He agreed. 

So, we abandoned the attempt.

I was quite sad about that, but, it was a good idea.  Especially because in 5 minutes… it started to hail.  

Yes.  Hail.  ARGH.  We headed down, and we were soaking wet, despite what you can see in this photo

Needless to say, we made it back to the hut, and were more than happy to take off the wet clothes, wrap up in blankets and just sit by the fire.  And… oh man.  I think that afternoon at the hut was just as good as the hiking.  Despite being in the middle of the dry season, we watched this thunderstorm roll in and up the valley.  Ryan and I sat on the porch wrapped up tight in two blankets, and just drank tea, had conversation about the world, watched nature in its amazing-ness, and just did nothing.  It was great.  That night, Lawarance and Sanderson offered for us to eat with them.  So, the four of us gathered around some candles, and ate the last chicken (“you can have the head if you want.”  “um, no thanks. I think I’ll pass… I’ll have a wing.”)   This night was the same as the last, but colder.  Up early in the morning, to head down skyline trail, and back down into Malawi.'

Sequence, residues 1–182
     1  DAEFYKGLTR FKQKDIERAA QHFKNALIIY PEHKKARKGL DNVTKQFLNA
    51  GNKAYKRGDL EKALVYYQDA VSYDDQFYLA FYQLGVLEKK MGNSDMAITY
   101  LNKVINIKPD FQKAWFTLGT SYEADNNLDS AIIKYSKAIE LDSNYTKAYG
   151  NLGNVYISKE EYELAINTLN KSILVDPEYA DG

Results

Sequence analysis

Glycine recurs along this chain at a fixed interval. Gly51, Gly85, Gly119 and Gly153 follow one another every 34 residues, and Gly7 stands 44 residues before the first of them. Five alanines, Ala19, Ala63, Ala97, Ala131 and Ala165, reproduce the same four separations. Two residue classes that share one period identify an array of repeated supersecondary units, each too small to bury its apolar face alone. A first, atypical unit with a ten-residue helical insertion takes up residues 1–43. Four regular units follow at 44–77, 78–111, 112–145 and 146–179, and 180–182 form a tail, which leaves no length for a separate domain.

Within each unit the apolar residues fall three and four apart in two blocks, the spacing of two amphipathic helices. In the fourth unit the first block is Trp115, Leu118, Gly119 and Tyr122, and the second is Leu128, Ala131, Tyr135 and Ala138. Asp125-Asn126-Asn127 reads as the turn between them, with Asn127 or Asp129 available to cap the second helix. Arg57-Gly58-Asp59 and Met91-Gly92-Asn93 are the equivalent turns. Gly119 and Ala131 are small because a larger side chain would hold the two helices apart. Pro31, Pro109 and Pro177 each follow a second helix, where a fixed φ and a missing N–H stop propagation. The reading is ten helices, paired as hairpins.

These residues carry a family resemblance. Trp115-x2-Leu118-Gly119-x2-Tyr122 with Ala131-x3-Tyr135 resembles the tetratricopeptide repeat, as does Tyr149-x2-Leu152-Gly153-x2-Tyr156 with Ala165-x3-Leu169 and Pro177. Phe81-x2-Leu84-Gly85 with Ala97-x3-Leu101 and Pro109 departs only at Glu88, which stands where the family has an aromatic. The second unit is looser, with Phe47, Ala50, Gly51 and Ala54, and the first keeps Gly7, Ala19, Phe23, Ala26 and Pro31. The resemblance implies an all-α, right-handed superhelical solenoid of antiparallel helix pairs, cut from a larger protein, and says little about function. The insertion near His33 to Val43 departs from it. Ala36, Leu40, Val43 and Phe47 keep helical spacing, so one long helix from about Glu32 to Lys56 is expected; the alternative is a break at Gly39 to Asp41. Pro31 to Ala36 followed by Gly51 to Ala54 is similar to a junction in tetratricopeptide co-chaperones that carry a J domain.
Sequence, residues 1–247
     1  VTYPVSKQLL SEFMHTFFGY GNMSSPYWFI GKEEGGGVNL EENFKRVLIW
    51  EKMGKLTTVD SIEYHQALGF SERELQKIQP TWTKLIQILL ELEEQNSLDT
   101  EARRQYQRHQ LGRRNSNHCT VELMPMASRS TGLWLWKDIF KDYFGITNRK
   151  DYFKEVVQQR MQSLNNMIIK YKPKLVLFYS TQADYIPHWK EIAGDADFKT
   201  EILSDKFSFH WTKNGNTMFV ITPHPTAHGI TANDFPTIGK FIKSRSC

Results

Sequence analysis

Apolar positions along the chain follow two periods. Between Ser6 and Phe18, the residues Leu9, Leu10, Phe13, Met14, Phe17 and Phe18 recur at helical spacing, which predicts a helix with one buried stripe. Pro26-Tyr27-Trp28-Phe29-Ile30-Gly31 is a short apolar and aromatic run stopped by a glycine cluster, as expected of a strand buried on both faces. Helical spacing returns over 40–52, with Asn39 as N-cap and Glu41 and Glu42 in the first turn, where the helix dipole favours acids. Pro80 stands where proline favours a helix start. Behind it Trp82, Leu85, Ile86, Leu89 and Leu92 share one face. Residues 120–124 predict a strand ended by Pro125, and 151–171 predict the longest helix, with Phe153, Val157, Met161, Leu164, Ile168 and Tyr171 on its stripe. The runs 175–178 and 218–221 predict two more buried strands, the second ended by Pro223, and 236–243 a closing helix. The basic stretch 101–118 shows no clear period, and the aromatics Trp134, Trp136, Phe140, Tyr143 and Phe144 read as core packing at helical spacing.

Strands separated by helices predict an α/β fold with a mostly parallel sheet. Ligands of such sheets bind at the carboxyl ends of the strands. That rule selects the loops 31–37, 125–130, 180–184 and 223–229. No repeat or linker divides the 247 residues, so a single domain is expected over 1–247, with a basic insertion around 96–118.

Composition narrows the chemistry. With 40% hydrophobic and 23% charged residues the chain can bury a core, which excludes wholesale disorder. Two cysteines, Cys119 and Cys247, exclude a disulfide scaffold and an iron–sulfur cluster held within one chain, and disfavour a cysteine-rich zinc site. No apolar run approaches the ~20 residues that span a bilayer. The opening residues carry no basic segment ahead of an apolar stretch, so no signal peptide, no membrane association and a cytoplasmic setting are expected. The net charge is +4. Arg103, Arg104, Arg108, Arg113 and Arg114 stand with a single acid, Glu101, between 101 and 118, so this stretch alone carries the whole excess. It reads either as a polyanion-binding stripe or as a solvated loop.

The hike down was fairly un-eventful, except for the fact that I think I have a harder time going down than going up.  And, I certainly knew that I would be feeling it in my legs in the next few days.  It got increasingly hot and hot as we got lower in elevation.  We saw more people on this day than we have on any other day.  People in bare feet hauling logs down the mountain.   White people in groups huffing and puffing up the mountain.  Malawians carrying cupboards up the mountain (“it is surveying equipment!”  um, right.). The strength of Malawians is consistently amazing to me.  And, no.  that is not gym muscle.  We finished the hike off with a nice dip in a pool close to the bottom of the trail.  Got a little cliff jumping in, and a more-than refreshing swim.

Then, we were off.  With a little stop in Sanderson and Lawarence’s village.  And, that is where it hit us that we were, in fact, in Malawi.  They introduced us to their sister-in-law, whom… as you can see from this photo, has a goiter the size of her head.  It has been growing for 2 years, and since the local hospital is a private one, they have not been able to get the proper care for it.